I hear the term “coaching” thrown around in business a lot these days. (Ok, maybe that’s partly because I’m an executive coach – so my ears are tuned in to this.) There’s the “let me give you some coaching” throw — which is code for: “let me tell you how you messed up and correct you.” And there’s the throw I used to get via email from my former employer’s IT group who offered “executive coaching” to executives who wanted a 1-1 tutorial for how to use the latest version of Excel.
Increasingly, enlightened organizations are using “coaching” to describe the accelerated individualized leadership development that a business executive gains by teaming with a professional coach to tackle performance and development goals. This kind of “coaching” can be a powerful tool for increasing performance for key leaders and aspiring leaders.
Manager as Coach
It’s even more powerful when companies’ leaders use coaching as a part of their leadership and managerial skills arsenal. When a manager uses a coach approach – and by manager, I mean leaders at all levels who oversee others – this pays off in several ways. Here are a couple of ways:
Coaching fosters greater innovation.
I recently heard someone from a well-known company describe their phenomenal growth over the last ten years. They went from being a stalled out $300 million company to a $1.4 billion industry leader. He and other executives in their organization have created a culture of innovation, high performance, and learning that have fuelled this growth and success.
How did they do it? Almost 10 years ago, top leaders from this company began working with professional coaches to help them improve their ability to creatively and successfully tackle the business challenges they faced. They saw innovative and quick gains, and they have continued to effectively leverage executive coaches.
But even more importantly, they have also focused on building leadership and coaching skills into their broader leadership ranks and into the culture of how they work together. Now, armed with some coaching skills themselves, their managers are better at drawing out the best in those they lead. Leaders at this organization are convinced that coaching has been a key to their success.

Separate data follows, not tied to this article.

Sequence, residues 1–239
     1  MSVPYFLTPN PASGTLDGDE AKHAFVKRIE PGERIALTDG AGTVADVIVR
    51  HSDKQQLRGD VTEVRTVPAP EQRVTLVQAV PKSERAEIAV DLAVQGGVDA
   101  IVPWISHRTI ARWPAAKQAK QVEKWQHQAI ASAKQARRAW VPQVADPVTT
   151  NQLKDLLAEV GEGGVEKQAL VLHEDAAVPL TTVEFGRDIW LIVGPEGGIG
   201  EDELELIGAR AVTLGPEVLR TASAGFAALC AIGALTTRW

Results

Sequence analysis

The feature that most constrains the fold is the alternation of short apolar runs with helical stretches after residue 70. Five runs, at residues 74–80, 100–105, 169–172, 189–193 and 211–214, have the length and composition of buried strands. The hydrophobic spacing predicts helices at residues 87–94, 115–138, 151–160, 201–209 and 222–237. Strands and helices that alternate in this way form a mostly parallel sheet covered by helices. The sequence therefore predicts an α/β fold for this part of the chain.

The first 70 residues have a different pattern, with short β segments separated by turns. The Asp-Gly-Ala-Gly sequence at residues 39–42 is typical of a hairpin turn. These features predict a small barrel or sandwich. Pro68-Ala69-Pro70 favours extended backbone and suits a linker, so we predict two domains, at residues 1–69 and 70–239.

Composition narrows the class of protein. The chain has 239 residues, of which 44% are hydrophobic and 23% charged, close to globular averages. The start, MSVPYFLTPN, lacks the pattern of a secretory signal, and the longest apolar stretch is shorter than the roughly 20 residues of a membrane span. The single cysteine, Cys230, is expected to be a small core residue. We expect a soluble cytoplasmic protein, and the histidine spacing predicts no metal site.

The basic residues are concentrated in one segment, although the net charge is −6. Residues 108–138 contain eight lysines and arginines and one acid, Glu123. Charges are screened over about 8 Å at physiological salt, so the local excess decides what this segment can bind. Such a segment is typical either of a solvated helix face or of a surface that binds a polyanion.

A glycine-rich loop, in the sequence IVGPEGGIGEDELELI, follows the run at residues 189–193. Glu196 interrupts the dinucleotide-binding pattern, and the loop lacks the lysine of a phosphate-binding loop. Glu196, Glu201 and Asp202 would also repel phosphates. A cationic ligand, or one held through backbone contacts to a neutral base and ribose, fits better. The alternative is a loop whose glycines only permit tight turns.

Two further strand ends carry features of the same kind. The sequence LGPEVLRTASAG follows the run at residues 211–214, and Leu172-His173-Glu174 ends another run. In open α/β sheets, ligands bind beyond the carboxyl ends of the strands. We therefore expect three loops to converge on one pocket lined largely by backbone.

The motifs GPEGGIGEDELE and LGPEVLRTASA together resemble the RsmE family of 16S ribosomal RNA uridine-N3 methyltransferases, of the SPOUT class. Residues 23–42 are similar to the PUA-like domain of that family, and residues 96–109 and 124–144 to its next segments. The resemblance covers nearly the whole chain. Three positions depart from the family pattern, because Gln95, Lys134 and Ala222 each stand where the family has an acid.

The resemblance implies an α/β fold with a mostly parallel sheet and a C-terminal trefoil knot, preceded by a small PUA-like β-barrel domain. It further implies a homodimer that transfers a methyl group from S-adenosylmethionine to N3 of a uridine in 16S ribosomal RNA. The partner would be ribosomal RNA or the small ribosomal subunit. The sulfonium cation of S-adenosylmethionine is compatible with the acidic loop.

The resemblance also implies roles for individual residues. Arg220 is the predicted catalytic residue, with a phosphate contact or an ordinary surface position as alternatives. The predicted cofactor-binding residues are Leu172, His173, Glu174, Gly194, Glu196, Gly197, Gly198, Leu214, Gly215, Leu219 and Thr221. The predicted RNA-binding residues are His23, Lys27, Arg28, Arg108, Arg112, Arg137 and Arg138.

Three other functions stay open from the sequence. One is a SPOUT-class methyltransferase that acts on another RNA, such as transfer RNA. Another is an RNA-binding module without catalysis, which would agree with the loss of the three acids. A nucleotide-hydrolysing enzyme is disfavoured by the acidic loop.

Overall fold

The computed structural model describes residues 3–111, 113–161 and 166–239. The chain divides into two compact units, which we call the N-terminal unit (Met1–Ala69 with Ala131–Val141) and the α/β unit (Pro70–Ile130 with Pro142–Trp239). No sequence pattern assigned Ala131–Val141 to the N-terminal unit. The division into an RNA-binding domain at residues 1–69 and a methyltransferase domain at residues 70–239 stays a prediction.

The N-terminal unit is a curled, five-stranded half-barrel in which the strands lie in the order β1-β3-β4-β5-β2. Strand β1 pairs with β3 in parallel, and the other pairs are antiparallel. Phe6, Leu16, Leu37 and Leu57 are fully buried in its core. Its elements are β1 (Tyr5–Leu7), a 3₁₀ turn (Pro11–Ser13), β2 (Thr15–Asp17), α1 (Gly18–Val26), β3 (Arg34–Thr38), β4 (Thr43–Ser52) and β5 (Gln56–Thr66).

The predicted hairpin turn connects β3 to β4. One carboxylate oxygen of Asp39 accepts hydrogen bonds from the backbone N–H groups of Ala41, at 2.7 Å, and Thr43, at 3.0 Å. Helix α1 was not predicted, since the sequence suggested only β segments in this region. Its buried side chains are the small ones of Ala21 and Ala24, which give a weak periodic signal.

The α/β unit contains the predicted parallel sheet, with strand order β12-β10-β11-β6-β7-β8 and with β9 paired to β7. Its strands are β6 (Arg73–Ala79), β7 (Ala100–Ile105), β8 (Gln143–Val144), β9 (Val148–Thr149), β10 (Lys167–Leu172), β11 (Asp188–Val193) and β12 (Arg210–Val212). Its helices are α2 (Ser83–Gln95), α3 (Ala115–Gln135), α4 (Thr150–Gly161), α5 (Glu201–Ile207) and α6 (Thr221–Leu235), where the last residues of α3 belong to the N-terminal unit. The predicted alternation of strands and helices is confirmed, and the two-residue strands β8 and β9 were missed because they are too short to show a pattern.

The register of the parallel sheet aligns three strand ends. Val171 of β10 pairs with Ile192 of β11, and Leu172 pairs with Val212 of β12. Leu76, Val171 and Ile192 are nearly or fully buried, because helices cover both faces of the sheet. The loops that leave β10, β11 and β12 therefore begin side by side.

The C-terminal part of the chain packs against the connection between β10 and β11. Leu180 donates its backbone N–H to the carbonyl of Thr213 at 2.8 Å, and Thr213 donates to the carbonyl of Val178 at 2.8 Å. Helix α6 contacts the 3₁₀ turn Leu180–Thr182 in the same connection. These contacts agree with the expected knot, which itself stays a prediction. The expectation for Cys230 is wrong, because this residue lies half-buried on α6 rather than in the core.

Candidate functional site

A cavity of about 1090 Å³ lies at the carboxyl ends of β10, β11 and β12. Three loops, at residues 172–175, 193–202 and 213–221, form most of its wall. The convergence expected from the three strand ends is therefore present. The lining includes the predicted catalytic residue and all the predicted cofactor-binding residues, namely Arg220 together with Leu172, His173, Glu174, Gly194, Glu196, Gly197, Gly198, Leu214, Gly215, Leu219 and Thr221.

Here’s another pay-off…
Managers with coaching skills help improve engagement and retention.
Thanks to Buckingham’s and Coffman’s book First Break All the Rules, it is now common corporate knowledge that “employees join companies but leave managers.” The good news is that people are less likely to leave managers who use a coach approach. Why is this? One reason is that at the core of a coach-approach to managing is a genuine concern for people, along with the ability to demonstrate this.
Managers who use a coach approach prioritize results and people; they care about performance and development.
How good are your coaching skills as you manage others? Would the people you manage say that you…
- Focus on the company’s goals and also on their individual agenda?
- Ask powerful questions that challenge people to find new perspectives and innovative and practical solutions? Do you stretch those you lead to think creatively as they approach new challenges – drawing from past experiences but not being limited by them?
- Collaborate to solve problems – instead of only directing and advising – in ways that promote ownership, accountability, and growth?
- Convey respect and belief in people’s potential, ability, and career aspirations – even if those aspirations involve changing roles or changing companies?
- Motivate others more by inspiring them than scaring them?
If you’re shaking your head “no” or staring blankly at this article, then it’s time to sharpen your coaching skills.
Joe Baker is a Partner and executive leadership coach and consultant with PeopleResults.